There around 21 million blind or visually impaired people over the age of 18 in the US alone (Source: AFB). In my opinion it’s one of the few customer groups still left in the mobile market that aren’t yet over-saturated with games. In other words, there is money to be made. The challenge to create games specifically for the blind is also attractive to game designers. If it’s financially viable and artistically interesting… all that’s left is the technical barrier.

And the easier it gets to create accessible apps and games, the more developers will happily take up the task. I hope that my plugin will help with that as well. This is a good thing, because everybody wins. Blind people get more software and more developers can make a living doing what they love.

There will come a time when blind users have a choice. They will have the freedom that we sighted users already have: The freedom to be impatient.

And unless a game has outstanding gameplay – those apps with unusual and tricky interfaces will be the first to be ignored.

I’m guilty

Remember that time pressed programmer I mentioned, who implemented her own accessible menus without regards to existing conventions? Yeah, that was me. I created an elaborate interface system, based on long taps and circular menus. But I’ve learned my lesson earlier this year and deleted all that code. I found a forum with lots of blind gamers and asked them for their help and feedback, and got plenty. It’s when my idea to write a plugin for Unity was born. If you would like to see just how helpful this huge community is, here is the link to the original forum thread.

All apps made accessible with my plugin will automatically be working similar to VoiceOver. Like I said, I am not a fan of reinventing the wheel. You can read more about the plugin and how to make games for sighted and blind users for Windows, iOS and Android in Unity here: Accessibility Plugin for Unity

Further Reading

Unity Accessibility Plugin – Update 7 – Explore By Touch

As of today, the Unity Accessibility Plugin has a new feature: Explore By Touch!

Explore By What Now?

Explore By Touch is an accessibility feature on smartphones that let’s blind users run their finger over the screen – and the screen reader will read out what’s under their fingertip. The screen reader also makes sure that no buttons are accidentally pressed or an app is started unintentionally. This works on both Google TalkBack and iOS VoiceOver.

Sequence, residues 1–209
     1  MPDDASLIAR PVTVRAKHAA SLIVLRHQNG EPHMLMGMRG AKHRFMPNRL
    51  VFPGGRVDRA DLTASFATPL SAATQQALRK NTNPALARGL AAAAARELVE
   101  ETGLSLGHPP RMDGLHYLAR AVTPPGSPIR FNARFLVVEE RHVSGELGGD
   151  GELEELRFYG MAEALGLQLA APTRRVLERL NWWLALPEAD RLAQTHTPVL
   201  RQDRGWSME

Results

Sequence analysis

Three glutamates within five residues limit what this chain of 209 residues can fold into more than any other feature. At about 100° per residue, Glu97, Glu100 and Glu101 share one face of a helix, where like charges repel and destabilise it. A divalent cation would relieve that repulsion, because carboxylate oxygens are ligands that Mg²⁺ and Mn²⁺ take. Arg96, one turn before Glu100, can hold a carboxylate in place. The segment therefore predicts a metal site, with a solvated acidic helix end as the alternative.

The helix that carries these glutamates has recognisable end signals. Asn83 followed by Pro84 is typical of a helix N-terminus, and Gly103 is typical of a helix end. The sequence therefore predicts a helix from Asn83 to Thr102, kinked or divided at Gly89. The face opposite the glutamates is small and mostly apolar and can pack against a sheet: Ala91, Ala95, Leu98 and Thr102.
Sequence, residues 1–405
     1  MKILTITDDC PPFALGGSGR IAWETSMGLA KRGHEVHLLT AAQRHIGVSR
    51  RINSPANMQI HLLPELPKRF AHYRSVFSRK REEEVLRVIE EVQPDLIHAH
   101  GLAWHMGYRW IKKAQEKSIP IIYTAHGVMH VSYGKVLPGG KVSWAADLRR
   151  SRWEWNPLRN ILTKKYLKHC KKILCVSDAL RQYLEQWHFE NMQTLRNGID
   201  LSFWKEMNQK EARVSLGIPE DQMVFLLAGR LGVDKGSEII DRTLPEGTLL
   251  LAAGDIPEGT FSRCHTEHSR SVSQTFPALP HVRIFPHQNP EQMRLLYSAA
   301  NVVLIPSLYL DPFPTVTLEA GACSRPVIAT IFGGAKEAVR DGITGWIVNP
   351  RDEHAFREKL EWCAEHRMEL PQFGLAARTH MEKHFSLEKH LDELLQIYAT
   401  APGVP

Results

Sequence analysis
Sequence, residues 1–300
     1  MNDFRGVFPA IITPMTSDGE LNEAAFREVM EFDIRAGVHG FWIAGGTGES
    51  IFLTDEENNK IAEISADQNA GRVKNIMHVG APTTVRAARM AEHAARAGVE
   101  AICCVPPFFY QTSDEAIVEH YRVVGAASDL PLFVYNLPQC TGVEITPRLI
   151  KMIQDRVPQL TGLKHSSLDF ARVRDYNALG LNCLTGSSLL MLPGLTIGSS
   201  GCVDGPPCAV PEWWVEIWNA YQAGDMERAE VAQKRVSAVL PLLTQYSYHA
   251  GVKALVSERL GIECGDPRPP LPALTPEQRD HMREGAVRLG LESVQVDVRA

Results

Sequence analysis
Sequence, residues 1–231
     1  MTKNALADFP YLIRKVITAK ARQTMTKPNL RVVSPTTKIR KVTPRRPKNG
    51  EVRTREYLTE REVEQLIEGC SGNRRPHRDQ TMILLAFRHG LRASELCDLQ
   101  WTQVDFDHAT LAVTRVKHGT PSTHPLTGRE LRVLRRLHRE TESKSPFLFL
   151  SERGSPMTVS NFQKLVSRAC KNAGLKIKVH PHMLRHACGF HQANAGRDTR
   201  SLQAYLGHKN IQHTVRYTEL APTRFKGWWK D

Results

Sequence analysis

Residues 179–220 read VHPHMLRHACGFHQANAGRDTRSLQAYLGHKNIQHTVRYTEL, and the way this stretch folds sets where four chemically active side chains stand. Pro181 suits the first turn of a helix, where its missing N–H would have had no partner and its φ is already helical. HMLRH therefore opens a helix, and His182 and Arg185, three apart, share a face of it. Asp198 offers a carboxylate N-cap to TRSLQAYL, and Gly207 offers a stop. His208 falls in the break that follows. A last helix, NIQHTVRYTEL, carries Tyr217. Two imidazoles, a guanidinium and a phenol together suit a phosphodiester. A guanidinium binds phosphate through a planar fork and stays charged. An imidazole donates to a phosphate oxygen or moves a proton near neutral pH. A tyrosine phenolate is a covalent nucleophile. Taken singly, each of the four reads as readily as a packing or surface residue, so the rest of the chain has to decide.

A blindfolded man is swinging a stick at a pinata. He misses and hits his girlfriend instead.

This was my original impression of Explore By Touch. Typical rookie mistake of a sighted person.

I originally thought that this is one feature that I wouldn’t need to re-create for the accessibility plugin, because I figured that no one would be using it much. I assumed no one wanted to blindly poke around on the screen to discover buttons. Why would anyone do that when swiping left and right navigates safely through the user interface?

Think again, you sighted fool!

As we all know, making blind assumptions is a bad thing. Pun intended.

Why would anyone use Explore By Touch?
The answer is simple. Because it is faster!

Navigating menus is a necessity, not fun. Doing it slowly by stepping through all elements on the screen one by one doesn’t make it any better.
If you already roughly know where a button is located, then using Explore By Touch is the next best thing to actually seeing where it is and clicking it directly.

Sure, the first time you get hit with a new menu, you might just trigger the Read From Top function and have the entire screen read out to you. But after that, you can poke around and find out where things are. And being blind doesn’t mean you cannot remember roughly where a button is located on the screen.

Thanks for the Feedback

I wouldn’t have come to this conclusion if I hadn’t received some very clear feedback from an actually blind person, who straight up told me the plugin would be pretty much useless without Explore By Touch. His opinion matched what I read in an article by Matt Gemmel in which he covers Myths about visually impaired users. After that I put my phone back in accessibility mode for a while and ultimately had to agree. It made me want that feature, too.

I am happy to announce that my plugin’s Explore By Touch is now fully functional.
Also: Thank you for your honest feedback, Scott!

3D Audio with Stereo Headphones

Today I want to write about an audio experiment I did for a game that I’m developing using my Unity Accessibility Plugin. It’s an accessible cooking game in which you prepare food for customers.